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The legitimacy of the current government of Tibet is not in doubt is is a country under the thumb of the totalitarian Chinese government.

As a matter of national pride and of expansionist muscle to the regimes of the Peoples Republic of China and of the Republic of China (with capital in Taipei, Taiwan), Tibet is clearly a territory of China. That territorial claim is one of the very few things that the PRC and ROC regimes can agree upon. For American practitioners of Realpolitik, the possession of Tibet by China is even less questioned than the possession of Taiwan by the PRC. To the people indigenous to Tibet, however, the Chinese have been unwanted suzerains for centuries. Like the indigenous populations in the Americas, the Tibetans have been almost entirely powerless to prevent the expropriation of their resources and the seizure of their lands by their militarily and economically more powerful invaders. Two periods have been exceptions, both periods when rule of China itself was not consolidated, which left Tibet sufficiently to itself that autonomy could be seized for relatively brief periods.

Despite the long-term success of the Chinese, the conditions of rule do not favor peaceful merging of populations for two reasons: (1) Culturally and linguistically the Tibetan people are vastly different from the Chinese. Until population pressure and geo-political concerns caused China to flood Tibet with unwelcome immigrants, Tibet was very thoroughly cut off from China and the rest of the world by its high elevation, its fierce climate, and its linguistic differences. (2) The primary religion of Tibet, although nominally Buddhist, is far different from the the principal kinds of Buddhism practiced in China and Japan. Buddhism changed when it entered China and melded with Daoism (Taoism) and Confucianism, and changed some more when it traveled on to Japan. But Buddhism also changed from its original forms when it was introduced to Tibet and accomodated itself to local forms of religious belief.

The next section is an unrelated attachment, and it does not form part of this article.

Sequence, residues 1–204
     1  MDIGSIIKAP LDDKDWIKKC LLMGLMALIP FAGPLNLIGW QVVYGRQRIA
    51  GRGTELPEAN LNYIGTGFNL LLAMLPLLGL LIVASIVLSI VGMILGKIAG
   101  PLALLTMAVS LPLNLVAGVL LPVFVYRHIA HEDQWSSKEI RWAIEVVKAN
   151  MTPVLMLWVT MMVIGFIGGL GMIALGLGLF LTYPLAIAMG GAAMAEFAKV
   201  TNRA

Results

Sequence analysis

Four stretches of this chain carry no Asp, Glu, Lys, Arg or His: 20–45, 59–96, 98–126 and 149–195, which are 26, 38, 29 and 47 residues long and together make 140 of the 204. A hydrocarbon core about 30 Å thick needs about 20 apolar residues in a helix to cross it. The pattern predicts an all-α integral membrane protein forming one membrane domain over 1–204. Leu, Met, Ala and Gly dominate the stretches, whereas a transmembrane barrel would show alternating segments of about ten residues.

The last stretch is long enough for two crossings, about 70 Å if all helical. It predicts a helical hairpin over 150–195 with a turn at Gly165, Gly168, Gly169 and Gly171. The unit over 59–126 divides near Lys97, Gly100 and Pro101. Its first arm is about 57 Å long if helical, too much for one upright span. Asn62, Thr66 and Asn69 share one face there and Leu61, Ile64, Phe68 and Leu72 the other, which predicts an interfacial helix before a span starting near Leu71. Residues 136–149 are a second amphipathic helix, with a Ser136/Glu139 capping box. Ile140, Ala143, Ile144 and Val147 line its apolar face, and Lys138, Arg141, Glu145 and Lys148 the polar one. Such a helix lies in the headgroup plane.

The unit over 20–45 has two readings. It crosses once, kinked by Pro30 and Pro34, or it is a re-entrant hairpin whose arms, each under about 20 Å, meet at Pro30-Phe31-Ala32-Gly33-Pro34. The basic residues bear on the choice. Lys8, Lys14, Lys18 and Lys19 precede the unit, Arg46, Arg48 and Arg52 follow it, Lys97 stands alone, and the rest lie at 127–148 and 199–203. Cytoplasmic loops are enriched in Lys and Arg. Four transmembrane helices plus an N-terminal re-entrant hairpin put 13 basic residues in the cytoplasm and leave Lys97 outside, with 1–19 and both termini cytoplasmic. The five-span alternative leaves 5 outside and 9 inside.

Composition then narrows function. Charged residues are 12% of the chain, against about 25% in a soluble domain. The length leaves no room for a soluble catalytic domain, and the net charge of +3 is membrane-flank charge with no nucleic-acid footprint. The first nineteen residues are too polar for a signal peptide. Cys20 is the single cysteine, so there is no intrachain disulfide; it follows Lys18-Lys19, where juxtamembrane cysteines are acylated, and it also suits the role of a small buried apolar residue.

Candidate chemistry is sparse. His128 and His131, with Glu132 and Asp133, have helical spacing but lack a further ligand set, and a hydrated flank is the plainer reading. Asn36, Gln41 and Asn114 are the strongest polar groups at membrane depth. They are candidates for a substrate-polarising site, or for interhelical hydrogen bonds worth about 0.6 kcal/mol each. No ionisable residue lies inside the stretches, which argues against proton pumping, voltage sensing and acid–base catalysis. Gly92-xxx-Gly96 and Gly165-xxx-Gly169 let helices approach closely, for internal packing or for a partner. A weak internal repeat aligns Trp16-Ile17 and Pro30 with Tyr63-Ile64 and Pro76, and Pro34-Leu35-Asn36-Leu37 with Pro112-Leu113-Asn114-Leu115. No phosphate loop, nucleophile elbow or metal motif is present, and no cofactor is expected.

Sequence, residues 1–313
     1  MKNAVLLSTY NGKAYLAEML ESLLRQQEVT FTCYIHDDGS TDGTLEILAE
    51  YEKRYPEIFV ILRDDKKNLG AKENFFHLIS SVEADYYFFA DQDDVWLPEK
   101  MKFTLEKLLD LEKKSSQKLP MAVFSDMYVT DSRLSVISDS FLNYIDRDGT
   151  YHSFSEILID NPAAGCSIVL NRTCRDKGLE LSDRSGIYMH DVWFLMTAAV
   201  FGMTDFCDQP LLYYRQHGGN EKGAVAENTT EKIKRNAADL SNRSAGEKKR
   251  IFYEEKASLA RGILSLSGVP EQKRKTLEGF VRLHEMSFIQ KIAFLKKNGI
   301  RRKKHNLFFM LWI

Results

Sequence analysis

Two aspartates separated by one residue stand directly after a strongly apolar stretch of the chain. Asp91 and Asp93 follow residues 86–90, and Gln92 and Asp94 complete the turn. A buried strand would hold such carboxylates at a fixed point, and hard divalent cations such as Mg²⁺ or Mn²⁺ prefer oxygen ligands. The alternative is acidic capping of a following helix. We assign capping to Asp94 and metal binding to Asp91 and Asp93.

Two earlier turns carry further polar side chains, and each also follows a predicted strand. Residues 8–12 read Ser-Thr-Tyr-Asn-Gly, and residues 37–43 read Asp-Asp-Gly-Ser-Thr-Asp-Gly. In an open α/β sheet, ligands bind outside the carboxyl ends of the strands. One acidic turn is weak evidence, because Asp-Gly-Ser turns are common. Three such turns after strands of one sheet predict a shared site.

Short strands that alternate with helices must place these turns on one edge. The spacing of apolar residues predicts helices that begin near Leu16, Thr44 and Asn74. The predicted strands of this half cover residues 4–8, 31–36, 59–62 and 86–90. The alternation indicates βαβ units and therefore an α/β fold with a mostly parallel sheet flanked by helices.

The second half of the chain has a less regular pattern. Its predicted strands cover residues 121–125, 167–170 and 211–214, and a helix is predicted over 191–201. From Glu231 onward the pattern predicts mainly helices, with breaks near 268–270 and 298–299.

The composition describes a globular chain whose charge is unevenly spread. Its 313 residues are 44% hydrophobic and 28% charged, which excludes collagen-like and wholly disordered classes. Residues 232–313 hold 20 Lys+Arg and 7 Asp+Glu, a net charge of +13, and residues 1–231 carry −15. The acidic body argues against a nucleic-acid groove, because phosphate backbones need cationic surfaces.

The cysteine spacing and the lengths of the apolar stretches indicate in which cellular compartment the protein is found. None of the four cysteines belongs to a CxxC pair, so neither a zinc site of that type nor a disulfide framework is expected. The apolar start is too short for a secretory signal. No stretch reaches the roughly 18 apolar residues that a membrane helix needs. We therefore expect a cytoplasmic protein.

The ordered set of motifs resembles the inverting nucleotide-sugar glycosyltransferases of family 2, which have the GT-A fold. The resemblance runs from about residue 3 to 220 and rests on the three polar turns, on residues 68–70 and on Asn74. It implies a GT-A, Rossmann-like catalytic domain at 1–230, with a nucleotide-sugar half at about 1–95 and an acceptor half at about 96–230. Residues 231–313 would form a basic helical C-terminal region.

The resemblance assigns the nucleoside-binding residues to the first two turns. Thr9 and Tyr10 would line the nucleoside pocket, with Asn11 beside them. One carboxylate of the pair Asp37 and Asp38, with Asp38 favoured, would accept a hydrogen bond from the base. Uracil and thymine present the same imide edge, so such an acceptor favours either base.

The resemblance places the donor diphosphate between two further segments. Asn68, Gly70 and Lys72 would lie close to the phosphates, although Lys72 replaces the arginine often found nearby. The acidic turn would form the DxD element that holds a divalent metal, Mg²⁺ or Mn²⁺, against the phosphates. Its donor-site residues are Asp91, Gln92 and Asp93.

Because of the population pressure exerted by China, because of a continuing Chinese denial of the principle of "equality before the law," and because of economic realities faced by a people and a culture in daily contact with a much more powerful neighbor, there appears to be little hope for a bright future for autonomous Tibetans or an autonomous Tibet. However, if relations between India, Pakistan, and China could be improved, that might at least make Tibet of less military importance to China and gain it some margin of freedom for that reason.

If there is ever an effective world government, there may be some hope that Tibet could make a reality of its current "autonomous region" status.

For the Tibetan view on this question, see: http://www.tibet.com/WhitePaper/white1.htm

For the official U.S. position, see: http://www.state.gov/p/eap/rls/rpt/45015.htm

Many Tibetan refugees fled to Nepal and India.

08 uprising


See Also

The Chinese threat

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